Fast forward to “around 2015, 2016” and Laing is conceiving Everybody, thanks to the imperfect storm of “the refugee crisis, Trump, Brexit . . . a sense that freedoms were being limited drastically all over the world”, she says. “I wanted to [ . . . ] look into questions such as [ . . . ] why are different kinds of bodies considered so threatening? Why is sexuality so hard? Why is race so hard? I got very tired of instant answers to everything.”
Reich, whose story begins the book, offers no easy solutions. A protégé of Freud, he coined the phrase “sexual revolution”. In his early years in Vienna and Berlin, Reich did radical work on the notion that his patients exhibited emotional pain through their bodies. Furthermore, he realised that social and economic factors played a role. Or, as Laing puts it, “he yoked Freud and Marx into productive dialogue”.
Reich died in 1957 in a US prison after an investigation by the Food and Drug Administration. His crime had been to create a machine that, he claimed, would cure those who sat in his boxlike contraption of mental and physical ailments by harnessing positive sexual energy.
Laing is the first to acknowledge this was a bonkers notion. But in a world polarised by either/or opinions, she is a rare example of a writer who loves to delve into nuance and paradox. That attitude allows her access to thinkers such as Reich, who many have written off as too problematic for consideration.
Others to feature prominently in Everybody include radical feminist Andrea Dworkin — who thought heterosexuals should take a break from sexual intercourse completely — and the Marquis de Sade, who saw sexual violence as a road to liberation. Laing’s analysis reveals that these two apparently inimical forces, separated by two centuries, in truth share a conviction that power and sex are inextricably linked.
When I ask her how she chose her case studies, Laing reiterates her championship of chiaroscuro truths. “It felt really important to me, in this culture of purity, where people either have to be brilliant or they are cancelled, to talk about people who are difficult but have really rewarding ideas,” she says.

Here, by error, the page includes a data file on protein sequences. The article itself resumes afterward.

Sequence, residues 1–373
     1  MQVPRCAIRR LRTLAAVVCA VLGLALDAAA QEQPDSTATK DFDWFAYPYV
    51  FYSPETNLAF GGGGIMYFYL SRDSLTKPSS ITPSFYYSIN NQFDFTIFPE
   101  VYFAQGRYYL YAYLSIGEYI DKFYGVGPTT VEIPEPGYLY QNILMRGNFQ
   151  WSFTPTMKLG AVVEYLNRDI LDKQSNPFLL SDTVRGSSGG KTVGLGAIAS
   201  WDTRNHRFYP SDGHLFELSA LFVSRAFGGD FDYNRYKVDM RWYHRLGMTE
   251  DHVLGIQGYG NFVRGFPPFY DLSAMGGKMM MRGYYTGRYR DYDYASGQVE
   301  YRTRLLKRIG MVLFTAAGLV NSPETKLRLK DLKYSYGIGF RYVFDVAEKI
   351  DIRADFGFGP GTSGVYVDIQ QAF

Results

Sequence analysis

She was also seeking figures whose “lives intersect”. That Reich finished in jail made him the perfect conduit to the discussion of imprisonment and protest, which is the bedrock of the second half of the book.
Here Laing weaves the stories of Philip Guston — “utterly appalling” is her judgment on the Tate’s decision to cancel the avowedly anti-racist painter’s show because of his paintings of the Ku Klux Klan — Malcolm X and Nina Simone into a narrative of the American civil rights movement that also allows her to elaborate on her conviction that sexual, racial and political freedom are entwined.
Her conclusions offer few comforts. She writes that she is “devastated” by a world in which bodies are seen as a “brutalised, limitless resource” and by the knowledge that — “being capitalism” — this situation is gruellingly “difficult [ . . . ] to change”. Our planet is “like a prison”, she continues, when it should be “like a forest”.
Indeed, Laing has lost none of the passion of the teenager who swung from trees. “We are hurtling towards a world with sewage in the river. A world without insects. We’re going towards hell, really,” she says, her calm voice at odds with the Armageddon she describes.
Why does she think so many powerful people, those in a position to make a real difference, remain so apathetic towards our planet?
“Profit,” she says succinctly. “A disaster equals profit. You profiteer from war. You profiteer from environmental collapse,” she continues, citing the current vogue for “selling futures in water” as an example. “Or they believe in [transferring] to Mars!” She laughs bleakly. “They think you can sequester yourself with money.”
Given her environmental politics, it comes as no surprise to learn that Laing’s next book will see her return to nature. Spiralling out from the project of restoring her own garden, it is an investigation into “the idea of paradise through history”, she says, adding that she will explore material that ranges from the English 18th-century poet John Clare to slavery and colonialism to ask “whether you can make a paradise that’s shared or whether it just has to be a luxury for the rich”.
Laing’s gift for weaving big ideas together with lyrical prose sets her alongside the likes of Arundhati Roy, John Berger and James Baldwin. In other words, she is among the most significant voices of our time.
Everybody: A Book About Freedom, by Olivia Laing, Picador, RRP£20/WW Norton & Company, RRP$26.95, 368 pages